For instance, I’m sitting here drinking a glass of water that my wife poured for me. This could be poison. But, the evidence suggests that it’s not. The glass is obviously clean. My wife is not motivated to hurt me. The water looks clear. It doesn’t smell suspicious. So, based on that evidence, I taste and see that it’s good. Well the Bible says, “Taste and see that the Lord is good.” We take that step because the evidence gives us confidence that he [Jesus] is who he claimed to be. So, I don’t think we need to “definitely prove” anything. I think we have to show that the evidence points in a direction where the most logical and rational next step is to take a step of faith, and to receive this free gift of grace that God offers.
CaPC: Not too long ago, I was in a church service where you talked about the validity of the Christian faith. I thought your message was gracious, personal, and thought-provoking. You encouraged listeners to follow Christ, but you also acknowledged that there might be some who may feel like they needed to put more thought into their decision. How do you think Christians can better model this type of graciousness when talking about faith?
Strobel: Absolutely, we—as Christians—have to validate people as being made in the image of God. We have to respect the fact that they are on a spiritual journey. We have to understand that people often have spiritual sticking points that are holding them up in that journey. And we want to help them get beyond those sticking points.
But the average American who comes to faith has heard the gospel, I think it’s 6-9 times. It’s a process. It took me two years, and if someone had pressed me for a decision after one month, I would have recoiled and gone the other way. So, it’s often a process. I think we have to understand that, and we have to respect that, and I think churches have to facilitate that. We must create an environment where spiritually curious people feel the freedom to come, to experience, to ask questions, to seek over a period of time—as they’re on this journey toward the cross.
CaPC: Films like The Case for Christ (and even apologetics in general) can often be used in one of two ways by Christians. They can be a battering ram we use to triumph over our enemies and make ourselves feel good about our beliefs, or they can be a way for us to better love God with our minds and share the logic of our convictions with others. How do we achieve the latter instead of the former? And how do you think the movie does this?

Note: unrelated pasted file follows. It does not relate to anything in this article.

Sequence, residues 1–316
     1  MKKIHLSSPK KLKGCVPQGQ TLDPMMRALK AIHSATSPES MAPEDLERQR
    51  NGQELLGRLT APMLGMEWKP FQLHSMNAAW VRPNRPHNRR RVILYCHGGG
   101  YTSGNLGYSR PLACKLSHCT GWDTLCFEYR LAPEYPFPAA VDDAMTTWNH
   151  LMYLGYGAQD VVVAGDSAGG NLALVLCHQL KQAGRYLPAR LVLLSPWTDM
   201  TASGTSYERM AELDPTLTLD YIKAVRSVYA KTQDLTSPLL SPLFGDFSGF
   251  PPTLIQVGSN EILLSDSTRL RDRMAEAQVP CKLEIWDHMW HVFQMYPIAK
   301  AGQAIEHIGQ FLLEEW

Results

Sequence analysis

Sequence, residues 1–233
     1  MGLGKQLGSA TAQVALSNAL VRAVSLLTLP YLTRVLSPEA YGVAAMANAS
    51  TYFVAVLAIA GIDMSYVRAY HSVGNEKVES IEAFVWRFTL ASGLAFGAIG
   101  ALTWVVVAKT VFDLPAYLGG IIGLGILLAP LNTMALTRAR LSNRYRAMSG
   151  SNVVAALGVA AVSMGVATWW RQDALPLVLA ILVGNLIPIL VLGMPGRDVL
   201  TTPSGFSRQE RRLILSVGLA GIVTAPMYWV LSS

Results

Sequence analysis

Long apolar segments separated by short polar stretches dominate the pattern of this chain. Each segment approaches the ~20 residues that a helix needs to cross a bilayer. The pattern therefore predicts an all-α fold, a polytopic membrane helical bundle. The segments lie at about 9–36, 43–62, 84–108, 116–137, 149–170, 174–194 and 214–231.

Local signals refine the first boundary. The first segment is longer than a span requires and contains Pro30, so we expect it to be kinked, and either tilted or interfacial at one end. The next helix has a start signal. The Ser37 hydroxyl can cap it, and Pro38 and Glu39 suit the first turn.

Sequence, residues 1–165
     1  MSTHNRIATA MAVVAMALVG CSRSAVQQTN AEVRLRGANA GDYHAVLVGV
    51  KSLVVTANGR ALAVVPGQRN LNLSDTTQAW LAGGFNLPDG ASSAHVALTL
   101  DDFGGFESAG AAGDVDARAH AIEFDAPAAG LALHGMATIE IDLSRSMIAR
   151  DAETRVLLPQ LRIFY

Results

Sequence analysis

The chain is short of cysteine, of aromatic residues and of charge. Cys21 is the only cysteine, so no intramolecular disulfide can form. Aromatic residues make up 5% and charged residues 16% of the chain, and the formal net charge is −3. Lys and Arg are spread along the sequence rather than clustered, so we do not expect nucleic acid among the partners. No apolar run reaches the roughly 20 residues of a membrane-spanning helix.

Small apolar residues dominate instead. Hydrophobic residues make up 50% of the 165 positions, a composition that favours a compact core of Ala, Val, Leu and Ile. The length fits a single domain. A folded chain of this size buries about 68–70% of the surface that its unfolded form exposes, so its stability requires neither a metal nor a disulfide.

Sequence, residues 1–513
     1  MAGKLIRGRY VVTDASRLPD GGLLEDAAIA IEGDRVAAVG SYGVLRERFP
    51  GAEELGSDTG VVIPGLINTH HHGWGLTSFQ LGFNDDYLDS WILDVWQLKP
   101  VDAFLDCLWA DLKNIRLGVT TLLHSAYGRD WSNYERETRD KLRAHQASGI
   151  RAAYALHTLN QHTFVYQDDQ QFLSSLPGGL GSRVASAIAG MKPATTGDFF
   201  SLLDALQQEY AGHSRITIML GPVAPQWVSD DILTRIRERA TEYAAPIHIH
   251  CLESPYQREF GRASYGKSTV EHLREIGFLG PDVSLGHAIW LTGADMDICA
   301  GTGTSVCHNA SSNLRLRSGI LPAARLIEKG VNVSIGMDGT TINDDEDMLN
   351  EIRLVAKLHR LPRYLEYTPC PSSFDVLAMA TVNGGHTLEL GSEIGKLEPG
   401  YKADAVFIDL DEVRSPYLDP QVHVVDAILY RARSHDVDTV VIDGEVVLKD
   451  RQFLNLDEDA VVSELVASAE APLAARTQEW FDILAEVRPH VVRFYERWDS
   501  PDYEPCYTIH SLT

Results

Strobel: I think the key phrase that I like to use in the 21st century is “conversation apologetics.” In other words, this is part of relationship. It isn’t that we line up someone against the wall and machine gun them with fifty facts for the faith—like maybe what was done fifty years ago. Today, it’s conversational apologetics. It’s a relationship. It’s creating a safe place where people in a friendship can talk, over time, about the issues they have. The obstacles, intellectually; the sticking points, spiritually.
I think God honors this perspective because we’re respecting someone who’s made in his image, who has legitimate questions. You don’t want to microwave the process. It’s a Crock-Pot process—in the 21st century. Crock-Pots make great meals. Some people need to marinate in this for a while before they become convinced Christianity is true.
They’re going to emerge stronger in their faith because they’ve spent the time asking questions upfront. And as Jesus said, counting the cost before they make that decision. I always like to encourage people, if they’re ready, to put their trust in Jesus. But I always like to have that other step for people and say, “You know, if you’re not ready yet, that’s okay. Keep checking it out. Keep investigating. Do your own journey.”
Here’s the deal: I’m not afraid of anyone who investigates Christianity with an honest and open heart.
The Case for Christ plays nationwide tomorrow. Watch the film’s trailer below:
For as low as $5/month, you’ll get access to free offerings from creators and authors we love, exclusive access to our member’s only forum, and exclusive content and podcasts — and you’ll help ensure that CAPC keeps getting better and better.